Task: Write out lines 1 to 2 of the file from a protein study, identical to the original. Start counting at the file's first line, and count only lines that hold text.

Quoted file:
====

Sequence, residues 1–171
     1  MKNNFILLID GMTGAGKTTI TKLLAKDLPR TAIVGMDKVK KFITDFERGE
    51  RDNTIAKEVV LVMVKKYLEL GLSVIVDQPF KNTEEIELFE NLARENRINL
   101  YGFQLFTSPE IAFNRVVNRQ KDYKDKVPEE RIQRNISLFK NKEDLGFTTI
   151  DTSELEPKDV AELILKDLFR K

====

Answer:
Sequence, residues 1–171
     1  MKNNFILLID GMTGAGKTTI TKLLAKDLPR TAIVGMDKVK KFITDFERGE